Jaguar has made an impact on his own in so many ways, although his offspring have only yet begun to show what they’re capable of. Jaguar has about 75 offspring in Europe and a handful in the U.S, many of which are showing to have his same talent and ability. Otis Blue, a son of his, won both the Wellington Circuit Championship for six-year-olds last winter, as well as the Eastern Championship for six year olds. Nic Nac van Paemel and several other of his foals have gone on to jump 1m30 level in Europe, while multiple sons of his have won approvals for breeding in Denmark and Belgium. Bidwell says she’s enjoyed his offspring, many times over. “Jaguar is like a good dream that repeats itself. After importing two of his daughters and enjoying them so much, we discovered a young son of Jaguar’s in Budapest and bought him too,” she recalls. “…we have a mare in foal to him that will deliver this spring. I think that’s a lot of Jaguars for any family to have, but he’s the only horse that my husband also has a weakness for. He walks out every day and feeds him a cookie.” Jaguar’s first foals born in the U.S did not disappoint either. Ukai Jaguar came first, out of a Champion Irish 1.30 speed horse that was imported for top jump rider, Maud Christal. The colt now grazes happily alongside the second U.S born Jaguar foal, USA Jaguar, owned by Russell and Jenny Morgan. He is out of a Thermal Million Dollar Grand Prix show jumping mare named Dusty, and Russell says the colt “… has the look of a world class athlete with a beautiful head, intelligent eye and moves across the ground with an athletic ease.” Bidwell holds both of the first U.S born foals in high regard, sharing that, “Both colts showed the tell-tale silver fuzz of a dark horse that’s color is about to give rise to silver smoke and dapple- and today it’s very clear that both colts have turned grey…Jaguar puts his stamp on all of them, even though they might start out looking a bit like their dams.” People are impressed by what they’re seeing in Jaguar’s foals, not only in terms of eye-appeal but also trainability, and many are anxiously awaiting this year’s foals, Bech-Hansen being no exception. “I have seen a few of his offspring and I would describe them as level-headed, amateur friendly horses with great canter and scope,” he says, “I am very excited about our two Jaguar babies coming in 2021.” Additionally, Hedreen says she has high hopes for the cross on her mare, HPM Chatarina SF who competed to 1.45 in the jumps and preliminary in Eventing. Her goal for the pairing is to, “breed a jumping horse of national and hopefully international quality.”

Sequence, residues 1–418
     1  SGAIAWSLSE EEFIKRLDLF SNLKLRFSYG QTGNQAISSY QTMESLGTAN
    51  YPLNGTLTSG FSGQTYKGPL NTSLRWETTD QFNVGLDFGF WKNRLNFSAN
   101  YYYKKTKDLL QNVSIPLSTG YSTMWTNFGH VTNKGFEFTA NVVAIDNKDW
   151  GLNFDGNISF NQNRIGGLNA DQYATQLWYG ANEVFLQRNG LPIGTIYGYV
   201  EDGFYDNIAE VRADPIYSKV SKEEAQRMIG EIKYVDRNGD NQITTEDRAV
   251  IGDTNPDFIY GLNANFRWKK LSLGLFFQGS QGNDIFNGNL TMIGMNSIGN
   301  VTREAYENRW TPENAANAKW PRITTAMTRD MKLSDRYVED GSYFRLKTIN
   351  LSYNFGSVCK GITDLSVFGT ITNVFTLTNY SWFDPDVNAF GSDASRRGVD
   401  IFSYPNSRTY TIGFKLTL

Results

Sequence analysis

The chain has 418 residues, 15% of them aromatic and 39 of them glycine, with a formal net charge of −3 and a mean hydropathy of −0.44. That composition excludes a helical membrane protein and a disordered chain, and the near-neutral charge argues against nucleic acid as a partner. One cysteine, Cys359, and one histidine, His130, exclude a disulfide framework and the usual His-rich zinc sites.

This phenomenal stallion has the traits that everyone is looking for when breeding a mare. Jaguar van Paemel will grab your attention with his good looks, hold onto it with his beautiful style over fences, and garner your appreciation for a stallion who is already making a big impact with his foals on the ground, in multiple parts of the world.
Visit www.Jaguar.horse for more information on breeding to Jaguar. Email his owner, Geri Bidwell at email@example.com for a contract to be sent.